The main components of the Doctoral School will be a series of three advanced tutorials on aspects of Artificial Intelligence for decision making. In addition, a series of short talks given by each of the PhD students attending the school will provide a forum for exchanging ideas and receiving feedback from the attendees.

The three tutorials that will be delivered at the workshop are listed below, with short biographies of the tutorialists.

The Doctoral School Programme

Tutorial 1: Problem Solving with Constraint Programming (14 hours approx.)

In this course we show how interesting combinatorial problems can be easily modeled and solved with constraint programming. We present the underlying principles on which constraint programming is based, as well as modeling techniques for expressing constraints and specifying problem specific heuristics. The course uses the ECLiPSe system, an open source constraint platform allowing fast prototyping and advanced visualization. The course will also present an overview of successful, industrial constraint applications in areas of scheduling, transport, personnel planning and data networks.

Tutorialist. Helmut Simonis is a senior researcher at 4C, University College Cork. He has over 20 years experience in modeling and solving constraint problems, and is a leading expert on applications of constraint technology.

Tutorial 2: Reasoning Under Uncertainty (14 hours approx.)

One of the main challenges in building intelligent systems is the ability to reason under uncertainty, and one of the most successful approaches for dealing with this challenge is based on the framework of Bayesian (or belief) networks. Intelligent systems based on Bayesian networks are being used in a variety of real-world applications including diagnosis, sensor fusion, on-line help systems, credit assessment, bioinformatics and data mining. The objective of this seminar is to provide an in-depth exposition of knowledge representation and reasoning under uncertainty using the framework of Bayesian networks.

Tutorialist. Dr. Radu Marinescu received his PhD and MS degrees in Computer Science from the University of California, Irvine under the supervision of Prof. Rina Dechter. His research centers on search algorithms that explore the AND/OR search spaces, for graphical models, and use the Mini-Bucket approach the generate heuristic functions automatically. During the past years he worked within several optimization frameworks that arise in the areas of constraint based reasoning (constraint networks) and reasoning under uncertainty (belief networks).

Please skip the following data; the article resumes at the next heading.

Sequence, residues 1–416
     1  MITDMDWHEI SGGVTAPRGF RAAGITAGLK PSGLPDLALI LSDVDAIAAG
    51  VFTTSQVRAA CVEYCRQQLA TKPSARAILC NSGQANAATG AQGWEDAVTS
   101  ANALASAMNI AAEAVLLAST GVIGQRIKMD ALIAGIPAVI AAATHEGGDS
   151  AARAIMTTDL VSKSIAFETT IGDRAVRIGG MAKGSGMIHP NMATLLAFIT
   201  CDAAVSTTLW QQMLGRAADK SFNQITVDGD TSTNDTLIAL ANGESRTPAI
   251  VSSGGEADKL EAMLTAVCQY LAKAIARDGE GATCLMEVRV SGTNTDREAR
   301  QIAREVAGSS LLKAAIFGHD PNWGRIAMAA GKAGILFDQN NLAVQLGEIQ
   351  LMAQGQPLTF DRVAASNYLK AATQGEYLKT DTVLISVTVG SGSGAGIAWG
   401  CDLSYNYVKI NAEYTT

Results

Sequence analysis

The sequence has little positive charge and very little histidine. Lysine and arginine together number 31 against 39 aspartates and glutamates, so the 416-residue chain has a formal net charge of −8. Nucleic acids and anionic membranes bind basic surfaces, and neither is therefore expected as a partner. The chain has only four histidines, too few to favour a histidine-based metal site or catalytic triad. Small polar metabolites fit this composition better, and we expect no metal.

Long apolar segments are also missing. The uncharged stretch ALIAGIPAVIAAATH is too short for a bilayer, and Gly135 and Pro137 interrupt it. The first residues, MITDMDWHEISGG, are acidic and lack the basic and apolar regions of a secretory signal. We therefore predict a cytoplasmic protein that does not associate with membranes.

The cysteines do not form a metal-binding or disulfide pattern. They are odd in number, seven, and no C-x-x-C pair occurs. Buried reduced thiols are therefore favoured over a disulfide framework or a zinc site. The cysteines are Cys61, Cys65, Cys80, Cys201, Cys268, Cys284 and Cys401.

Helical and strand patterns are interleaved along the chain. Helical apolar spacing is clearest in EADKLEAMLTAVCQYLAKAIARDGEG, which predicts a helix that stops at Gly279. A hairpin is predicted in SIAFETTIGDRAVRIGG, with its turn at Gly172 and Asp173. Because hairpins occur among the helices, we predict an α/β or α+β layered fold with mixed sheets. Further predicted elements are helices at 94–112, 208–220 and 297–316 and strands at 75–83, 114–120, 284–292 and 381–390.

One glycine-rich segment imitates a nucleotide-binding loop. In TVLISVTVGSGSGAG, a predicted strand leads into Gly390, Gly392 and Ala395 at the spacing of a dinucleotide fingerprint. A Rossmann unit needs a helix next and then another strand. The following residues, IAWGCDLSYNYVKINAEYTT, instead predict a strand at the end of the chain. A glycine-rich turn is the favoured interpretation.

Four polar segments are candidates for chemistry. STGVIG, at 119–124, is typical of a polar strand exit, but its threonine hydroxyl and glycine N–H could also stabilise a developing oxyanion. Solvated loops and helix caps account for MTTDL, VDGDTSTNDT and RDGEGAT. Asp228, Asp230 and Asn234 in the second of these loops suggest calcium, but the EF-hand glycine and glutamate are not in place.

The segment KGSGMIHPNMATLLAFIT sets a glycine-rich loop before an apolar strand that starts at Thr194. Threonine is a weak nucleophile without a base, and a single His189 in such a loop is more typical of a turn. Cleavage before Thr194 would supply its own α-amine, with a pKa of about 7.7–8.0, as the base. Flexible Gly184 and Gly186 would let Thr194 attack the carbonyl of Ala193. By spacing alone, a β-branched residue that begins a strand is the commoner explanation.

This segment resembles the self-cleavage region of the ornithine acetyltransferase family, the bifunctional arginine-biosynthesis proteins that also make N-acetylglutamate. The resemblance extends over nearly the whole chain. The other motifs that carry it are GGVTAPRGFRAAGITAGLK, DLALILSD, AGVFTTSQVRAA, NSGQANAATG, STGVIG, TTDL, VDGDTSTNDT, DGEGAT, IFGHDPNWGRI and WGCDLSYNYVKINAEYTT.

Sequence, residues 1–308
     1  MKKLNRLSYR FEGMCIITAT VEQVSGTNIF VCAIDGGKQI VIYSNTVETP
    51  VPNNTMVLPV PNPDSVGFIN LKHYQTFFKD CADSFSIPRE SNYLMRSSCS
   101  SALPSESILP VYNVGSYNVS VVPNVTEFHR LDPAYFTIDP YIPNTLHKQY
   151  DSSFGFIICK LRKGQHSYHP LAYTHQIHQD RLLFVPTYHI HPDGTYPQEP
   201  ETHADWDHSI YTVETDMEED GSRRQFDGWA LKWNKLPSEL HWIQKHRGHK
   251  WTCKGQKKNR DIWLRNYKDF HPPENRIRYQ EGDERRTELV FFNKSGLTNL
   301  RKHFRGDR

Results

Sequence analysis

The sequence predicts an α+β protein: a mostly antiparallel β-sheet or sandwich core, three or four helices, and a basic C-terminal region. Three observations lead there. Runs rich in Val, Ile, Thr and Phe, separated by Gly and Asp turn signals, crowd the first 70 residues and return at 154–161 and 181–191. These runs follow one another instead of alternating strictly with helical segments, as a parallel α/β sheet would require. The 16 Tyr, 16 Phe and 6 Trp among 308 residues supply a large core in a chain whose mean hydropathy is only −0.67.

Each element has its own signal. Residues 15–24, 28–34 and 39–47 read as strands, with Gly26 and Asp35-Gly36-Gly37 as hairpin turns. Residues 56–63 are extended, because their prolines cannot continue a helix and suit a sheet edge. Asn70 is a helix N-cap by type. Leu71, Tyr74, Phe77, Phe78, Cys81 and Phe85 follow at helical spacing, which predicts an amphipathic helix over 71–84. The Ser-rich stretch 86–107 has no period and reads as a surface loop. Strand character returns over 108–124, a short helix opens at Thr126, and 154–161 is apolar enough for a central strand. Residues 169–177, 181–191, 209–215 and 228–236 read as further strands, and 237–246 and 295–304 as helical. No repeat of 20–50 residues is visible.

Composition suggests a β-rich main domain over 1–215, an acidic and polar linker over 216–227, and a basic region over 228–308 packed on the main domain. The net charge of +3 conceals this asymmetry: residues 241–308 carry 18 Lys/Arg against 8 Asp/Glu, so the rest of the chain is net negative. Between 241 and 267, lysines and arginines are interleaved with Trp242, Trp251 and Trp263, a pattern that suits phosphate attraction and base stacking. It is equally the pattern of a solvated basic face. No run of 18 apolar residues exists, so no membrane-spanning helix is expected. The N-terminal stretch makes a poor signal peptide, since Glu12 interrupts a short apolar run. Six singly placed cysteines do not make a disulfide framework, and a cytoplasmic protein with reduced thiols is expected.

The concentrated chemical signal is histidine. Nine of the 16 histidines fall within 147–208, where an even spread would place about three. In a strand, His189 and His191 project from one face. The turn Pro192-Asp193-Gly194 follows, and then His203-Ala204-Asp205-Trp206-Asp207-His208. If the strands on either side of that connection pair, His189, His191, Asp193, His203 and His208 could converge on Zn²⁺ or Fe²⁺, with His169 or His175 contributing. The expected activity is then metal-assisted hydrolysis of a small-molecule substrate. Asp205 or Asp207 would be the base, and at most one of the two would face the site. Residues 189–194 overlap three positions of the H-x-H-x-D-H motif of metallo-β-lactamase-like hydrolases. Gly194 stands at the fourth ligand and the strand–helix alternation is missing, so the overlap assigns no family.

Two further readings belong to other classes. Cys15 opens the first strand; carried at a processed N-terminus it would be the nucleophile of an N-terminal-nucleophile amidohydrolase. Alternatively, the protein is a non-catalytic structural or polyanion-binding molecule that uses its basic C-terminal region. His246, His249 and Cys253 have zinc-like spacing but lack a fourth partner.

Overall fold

Tutorial 3: Computing Explanations in Decision Making (4 hours approx.)

Explanation generation is an essential feature of intelligent systems. Explanations are important in interactive systems such as product configurators, personal assistants, expert systems, and model development tools. Explanation techniques are also used to improve the quality of results in test generation, software verification, and decomposition methods in combinatorial optimization. This tutorial develops a general theory of explanation generation in problem solving, which unifies existing methods and is valid for a large range of AI problems (product configuration, multi-criteria optimization, constraint satisfaction, satisfiabililty, recommender systems, case-based reasoning, diagnosis, debugging, ontological reasoning, etc.). Only a basic background knowledge of AI is required. The tutorial will characterise problems needing explanations while analyzing the explanation requirements of different types of user. We will introduces different notions of explanation such as minimal and preferred explanations, abstraction and refinement, representative explanations, explanations of solutions, and explanations of optimality. The computation of one, several, or all explanations can be achieved by parameterized algorithms, which work for arbitrary problem solvers such as constraint solvers. The tutorial studies the relationship between new algorithms and classic methods. The tutorial concludes with a list of successful applications of explanation generation ranging from product configurators, recommender systems, debuggers, planning and the web.

Tutorialists. Ulrich Junker received his Ph.D. from the University of Kaiserslautern (1992). He has significant  experience in explanation generation, starting with research on truth maintenance systems and model-based diagnosis. His pioneering work on QuickXplain paved new directions for explanation generation in constraint programming, product configuration, and other fields. He is a distinguished scientist at ILOG.

Barry O'Sullivan is Associate Director of the Cork Constraint Computation Centre at University College Cork. He is the President of the Association for Constraint Programming, Chairman of the Artificial Intelligence Association of Ireland, and Coordinator of the ERCIM Working Group on Constraints. His research interests are constraint programming and optimisation.